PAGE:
Catholic Diocese of Spokane, Washington



From the

Official News Magazine of the Diocese of Spokane

Deacon Eric Meisfjord, Editor
P.O. Box 48, Spokane WA 99210
(509) 358-7340; FAX: (509) 358-7302


New Victims’ Assistance Coordinator begins work for diocese

Story and photo by Deacon Eric Meisfjord, Editor, Inland Register

(From the Sept. 11, 2003 edition of the Inland Register)

Mary ButlerMary Butler has begun her service as Victims’ Assistance Coordinator, working with victims of sexual abuse. (IR photo)

As the Spokane Diocese continues to work toward healing and reconciliation of the sexual abuse crisis, a new staff member has come on board at the Catholic Pastoral Center.

Mary Butler, a retired hospital administrator, will work with Father Steve Dublinski, the diocese’s vicar general, in a new position with a very long title: “Special Assistant to the Vicar General and Victims’ Assistance Coordinator.”

“I want to see more people really believing the message that the diocese is being open and transparent,” Butler said during a recent interview. “I want to see the word get out to everyone that we want the victims to come forward. Because until we know what has gone on, or what is going on, we can’t bring about the changes that we need so that it never happens again.”

The former vice president of Sacred Heart Medical Center began her work last month and has already experienced first-hand the stories of some victims of clergy sexual abuse. That aspect of the job will no doubt prove difficult and taxing. It is part of the challenge, and part of the opportunity as well.

She points out that she will not function as a counselor, or as a friend for victims. She describes the work as walking “side by side” with victims “on their journey to get what they need, to advocate for them in the healing process.”

That involves being something of a go-between to see to it that victims receive the kinds of assistance they need to begin that healing process.

Part of the work will involve being “a compassionate listener,” as she describes it. “I can create an atmosphere” in which victims can come forward to meet with counselors, meet with church leaders.

That doesn’t necessarily mean victims must come from the far reaches of the diocese, or even the state, in order to share their stories and seek help. “I’ll go wherever they wish,” she said. “If they want me to come to their part of the state I’m happy to do that, or if they want to come here they’re welcome to do that . We’ll find the best place” for that process to begin.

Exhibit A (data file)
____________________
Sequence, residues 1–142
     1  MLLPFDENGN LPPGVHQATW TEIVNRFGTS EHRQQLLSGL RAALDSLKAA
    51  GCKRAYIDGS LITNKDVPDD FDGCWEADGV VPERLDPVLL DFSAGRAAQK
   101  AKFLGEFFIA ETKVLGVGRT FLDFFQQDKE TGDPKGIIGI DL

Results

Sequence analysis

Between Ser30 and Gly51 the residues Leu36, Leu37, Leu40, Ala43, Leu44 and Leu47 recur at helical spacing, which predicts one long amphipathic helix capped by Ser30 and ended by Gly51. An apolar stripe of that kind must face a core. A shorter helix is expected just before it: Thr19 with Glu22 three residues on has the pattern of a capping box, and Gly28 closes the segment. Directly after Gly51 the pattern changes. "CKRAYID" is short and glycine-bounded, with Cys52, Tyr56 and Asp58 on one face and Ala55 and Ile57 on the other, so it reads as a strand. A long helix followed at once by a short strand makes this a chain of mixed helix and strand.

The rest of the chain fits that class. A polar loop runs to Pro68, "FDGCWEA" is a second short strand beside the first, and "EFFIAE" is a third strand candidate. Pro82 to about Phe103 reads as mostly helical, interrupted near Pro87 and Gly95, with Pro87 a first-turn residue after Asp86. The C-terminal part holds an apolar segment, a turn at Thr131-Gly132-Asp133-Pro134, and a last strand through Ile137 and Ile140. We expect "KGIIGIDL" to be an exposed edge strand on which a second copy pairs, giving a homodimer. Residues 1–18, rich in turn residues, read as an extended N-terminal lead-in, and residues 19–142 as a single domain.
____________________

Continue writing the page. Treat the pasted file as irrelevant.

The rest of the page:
Butler originally trained as a nurse. In time she began work in hospital administration. She spent over nine years at Providence Hospital in Oakland, Calif., before moving to Sacred Heart Medical Center, Spokane. She retired from SHMC in 2002, after 20 years.

She admits she was “happily loving” retirement and the opportunity to be involved in a number of community projects. “I really prayed” about the decision to work as the victims’ assistance coordinator.

What would bring her out of retirement?

“I love the church,” she said simply. “To use my experience, what I’ve learned, from my lifetime in hospital administration career, to be a small part of the healing that the church needs right now, gave me a challenge that I didn’t want to miss,” she said. “I felt that this was the Lord saying to me that he wanted to use me in a small way. That’s a comforting thought,” she said, “but also challenging.”

Specific preparation for the job included a workshop at St. Mary College, Mundelein, Ill. The conference, sponsored by the Archdiocese of Chicago, is an annual session for assistance coordinators.

She was one of about 100 indivduals from around the country attending, Butler said.

The conference offered her “a superb orientation,” she said. Especially helpful was information about how other diocesan ssistance coordinators function. “Now I have a network” of individuals doing similar ministry, she said, as well as the benefit of their experience. “I don’t feel like I have to reinvent the wheel.”

Years of administrative experience may well have helped prepare her for what lies ahead. A victims’ advocate can sometimes serve as a lightning rod for people’s anger. Those skills, acquired over a lifetime of service, will come in handy. “I bet this job will tap every one of them,” she said.

She will serve as the direct contact for victims, for reports of abuse. She will be meeting with victims as necessary, and will be sitting in on meetings of the diocesan Review Board, which examines allegations of sexual abuse. She also will be documenting allegations of abuse, so that investigations can be conducted accurately.

But there’s more to the work than acting as an advocate for victims. The diocese’s efforts toward healing and reconciliation include transparency, accountability, response, and education.

One of her goals is to ensure that the diocese’s efforts are “consistent in doing those things that we need to be doing: communicating, being transparent, being open and honest,” she said. “Through these efforts we can continue with the healing process that needs to occur in the church. Everybody’s doing so much,” she said, in a team effort. Coalescing those efforts, coordinating them, might also result in more effective outcomes.

“I know that as part of my role, I have to take care of myself,” she said. “My prayer life is my anchor.”

Above all, there is a sense of hope, a sense of movement through the commitment of the diocese to this effort. “Progress,” she said, “will happen for the diocese.”

(To contact Mary Butler, call (509) 998-8340. The number is a cell phone not routed through any diocesan telephone systems.)


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